Winter riding: Bike light etiquette.

It’s that time of year again.

You’re travelling along the cycle path. You know the one. You probably use it most days. It’s probably got its fair share of debris. It’s certainly covered in wet, slimy leaves. Before 8am it enjoys a half light. After 5pm very little light at all.

So you’re twiddling along at a sensible pace. A corner approaches. An outstretched tendril of light searches the corner.  Rounding the bend you find yourself caught in stadia floodlights. You can’t see a bloody thing. You wince, look down, mumble something negative (you’re very, very polite and really can’t be bothered with any form of confrontation). The world is a super nova and bright colours are now etched on the back of your retina; a Jackson Pollock only you can see.

With bike lights packing as much punch as a pocket lighthouse, how should we use them? When is great visibility your luxury and someone else’s headache?

There’s a huge spread of power across bike lights. A cheap as chips front light can offer 150 or 200 lumens; enough to be seen but not enough to illuminate obstacles and pot holes (certainly in poorly lit areas). High end bike mountain bike lights can offer well in excess of 1000 lumens with some touching 5000.

For comparative purposes, a car with its full beams on and will be producing around 1200-1300 lumens (less than a third of that very high end mtb light).

With prices dropping, it’s not unusual to pick up a really powerful light for a song. But should you really be running that thing on full gas? Let’s face it, no-one likes being caught in the stare of full beam car headlights. Or at least I don’t. And when I do, it involves much swearing and gesticulating.

So let’s talk about etiquette. On a dark trail, I wouldn’t suggest for one minute that you shouldn’t enjoy the fruits of your purchase. Bang those lights on. Throw light into the darkest of corners and make wildlife scuttle for cover. However when pedestrians, other riders or cars in the distance are concerned, do moderate your output. If your light has a lower setting, flick it over briefly. If it doesn’t and your big portable dwarf star  has only two settings – off or on – nudge it down toward the floor, or do as I do and partially cover the lens with one gloved hand. You will make an instant friend in your fellow commuter and potentially prevent them from falling into the undergrowth. My mantra is ‘See, be seen, don’t blind’.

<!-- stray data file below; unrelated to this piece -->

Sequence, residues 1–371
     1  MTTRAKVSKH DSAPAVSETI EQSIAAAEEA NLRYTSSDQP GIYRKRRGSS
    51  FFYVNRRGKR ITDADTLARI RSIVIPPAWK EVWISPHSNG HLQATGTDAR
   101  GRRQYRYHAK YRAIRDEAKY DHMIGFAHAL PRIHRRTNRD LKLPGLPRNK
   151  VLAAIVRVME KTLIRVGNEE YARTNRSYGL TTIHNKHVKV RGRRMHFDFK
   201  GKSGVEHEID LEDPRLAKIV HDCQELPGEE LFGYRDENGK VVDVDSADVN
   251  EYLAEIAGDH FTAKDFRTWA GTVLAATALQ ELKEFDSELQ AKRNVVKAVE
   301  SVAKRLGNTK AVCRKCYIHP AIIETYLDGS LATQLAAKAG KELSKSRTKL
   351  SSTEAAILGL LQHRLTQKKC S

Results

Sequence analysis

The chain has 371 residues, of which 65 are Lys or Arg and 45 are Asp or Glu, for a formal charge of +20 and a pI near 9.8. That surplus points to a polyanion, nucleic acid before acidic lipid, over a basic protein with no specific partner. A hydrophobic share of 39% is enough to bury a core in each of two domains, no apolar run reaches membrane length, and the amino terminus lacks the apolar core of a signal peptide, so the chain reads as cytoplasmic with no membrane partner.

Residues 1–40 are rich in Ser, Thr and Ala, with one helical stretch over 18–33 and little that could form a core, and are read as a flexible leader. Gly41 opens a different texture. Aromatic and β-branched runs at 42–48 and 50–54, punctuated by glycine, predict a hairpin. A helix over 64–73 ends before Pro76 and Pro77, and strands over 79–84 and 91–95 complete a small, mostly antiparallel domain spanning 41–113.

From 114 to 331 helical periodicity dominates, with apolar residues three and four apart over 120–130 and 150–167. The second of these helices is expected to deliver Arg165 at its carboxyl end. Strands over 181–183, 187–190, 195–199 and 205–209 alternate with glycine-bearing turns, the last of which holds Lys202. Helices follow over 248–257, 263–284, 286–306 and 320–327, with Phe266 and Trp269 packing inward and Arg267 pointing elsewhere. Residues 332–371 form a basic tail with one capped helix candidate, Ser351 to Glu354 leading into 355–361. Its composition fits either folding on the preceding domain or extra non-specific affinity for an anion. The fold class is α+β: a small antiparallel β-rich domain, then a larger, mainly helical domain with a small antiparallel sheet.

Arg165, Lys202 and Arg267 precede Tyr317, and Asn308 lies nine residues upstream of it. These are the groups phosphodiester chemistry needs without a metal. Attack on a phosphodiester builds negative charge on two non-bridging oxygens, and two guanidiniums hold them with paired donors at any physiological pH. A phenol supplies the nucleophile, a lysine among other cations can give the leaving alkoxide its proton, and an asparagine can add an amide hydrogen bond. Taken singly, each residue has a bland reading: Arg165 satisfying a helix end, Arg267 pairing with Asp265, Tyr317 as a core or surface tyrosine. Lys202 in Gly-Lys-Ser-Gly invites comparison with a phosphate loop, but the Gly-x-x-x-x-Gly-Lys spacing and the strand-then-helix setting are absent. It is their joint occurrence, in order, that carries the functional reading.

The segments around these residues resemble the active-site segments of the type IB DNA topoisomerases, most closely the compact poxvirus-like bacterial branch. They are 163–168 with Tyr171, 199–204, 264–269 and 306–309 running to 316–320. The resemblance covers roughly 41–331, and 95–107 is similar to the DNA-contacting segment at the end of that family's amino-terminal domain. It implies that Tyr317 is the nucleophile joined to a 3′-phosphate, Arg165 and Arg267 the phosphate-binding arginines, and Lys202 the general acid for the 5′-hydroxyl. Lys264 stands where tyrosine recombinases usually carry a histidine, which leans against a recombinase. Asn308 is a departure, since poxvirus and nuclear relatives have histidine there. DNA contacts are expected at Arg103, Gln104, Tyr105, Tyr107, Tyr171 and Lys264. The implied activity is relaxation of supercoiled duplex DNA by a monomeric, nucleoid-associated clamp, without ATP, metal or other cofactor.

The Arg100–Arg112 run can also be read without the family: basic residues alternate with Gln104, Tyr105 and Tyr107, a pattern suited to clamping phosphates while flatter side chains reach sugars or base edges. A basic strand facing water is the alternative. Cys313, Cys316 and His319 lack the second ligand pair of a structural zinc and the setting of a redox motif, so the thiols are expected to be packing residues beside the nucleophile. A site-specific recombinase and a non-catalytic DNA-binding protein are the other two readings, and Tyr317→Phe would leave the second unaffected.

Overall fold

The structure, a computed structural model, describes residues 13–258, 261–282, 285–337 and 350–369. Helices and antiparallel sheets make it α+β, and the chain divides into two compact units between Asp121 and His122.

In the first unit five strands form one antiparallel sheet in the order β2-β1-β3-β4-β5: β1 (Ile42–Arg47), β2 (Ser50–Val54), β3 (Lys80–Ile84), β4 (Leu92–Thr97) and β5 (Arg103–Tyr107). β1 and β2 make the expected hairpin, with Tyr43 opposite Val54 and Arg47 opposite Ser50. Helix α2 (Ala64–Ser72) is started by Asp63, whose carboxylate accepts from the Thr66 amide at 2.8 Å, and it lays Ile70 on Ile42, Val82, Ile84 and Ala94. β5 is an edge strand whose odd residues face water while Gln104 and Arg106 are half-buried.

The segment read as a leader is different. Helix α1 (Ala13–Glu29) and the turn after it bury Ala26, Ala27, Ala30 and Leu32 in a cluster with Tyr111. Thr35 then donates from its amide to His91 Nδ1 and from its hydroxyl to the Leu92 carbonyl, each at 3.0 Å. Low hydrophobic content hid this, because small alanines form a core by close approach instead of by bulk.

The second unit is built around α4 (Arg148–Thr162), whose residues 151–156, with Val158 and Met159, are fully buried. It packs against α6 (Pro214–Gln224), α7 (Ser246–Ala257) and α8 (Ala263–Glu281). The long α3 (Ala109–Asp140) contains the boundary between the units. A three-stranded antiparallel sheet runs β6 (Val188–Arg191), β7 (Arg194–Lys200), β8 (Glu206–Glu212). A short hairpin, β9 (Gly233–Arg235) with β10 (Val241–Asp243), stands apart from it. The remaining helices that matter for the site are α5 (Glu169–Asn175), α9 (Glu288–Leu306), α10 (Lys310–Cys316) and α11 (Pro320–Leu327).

To finish up, here’s a rough guide to use/argue over:

200 lumens – Will get you seen on a road but isn’t enough for dark cycle paths.

500 lumens – Will get you seen on a road and illuminate a fair bit on a dark cycle path.

800 lumens – Will get you seen for a real distance and illuminate everything, thank you very much.

1200 lumens – Will get you seen from miles back and allow you to read the small print on a terms and conditions document at 20 paces.

5000 lumens – Will get you seen from Inverness when you’re on the Taff trail in Cardiff. 

8 replies »

  1. Cardiff? Dude, NASA will see you with 5,000.

    I ride a 350 and that’s plenty for the road – I don’t even use the highest setting (I use the third)… Anyway, being a road rider I always point my light a bit toward the ground. The last thing I want to do is blind a motorist!

    • Quite right. I think that the power of lights has grown so exponentially, that its taking a while for some cyclists to get over the sheer thrill of such great visibility. On the Cardiff section of the Taff Trail – our biggest and best commuter/recreation route – you can be properly blinded by gigantic lights. Easily sorted through using the approach you outlined above 🙂

  2. Couldn’t agree more – I save my own Mega Death Star for when I really need it, the wooded, pitch black bits of my route and have a smaller, flashing light simply to get me noticed by other road users.

  3. Bravo! I have a 1200 lumen light that I use on the lowest setting in the mornings with my blinkie and on the 2nd setting on the way home from work. This works well for the road, even for inattentive clowns behind the wheel of a car in my part of the UK. The dipping of the lights is something that I applaud and do regularly on my rides-there is nothing worse for me than to be blinded by someone approaching who thinks that they need all of that light when in reality they don’t

  4. I have an 1800 light, our are is full of hills, potholed and roads full of hedge cuttings (flat last night) so it’s needed, especially for super steep, fast downhills with all the attendant risks. There’s also been the recent ice patches. I love sunset rides so before the sun sets I use a flashing light & flip the light down for approaching vehicles, after sunset it’s usually the low setting unless the road is fast o dodgy, but definitely a quick dip for oncomers. On our narrow roads many cars stop to let me go past, unlike the daytime when they try to squeeze past.

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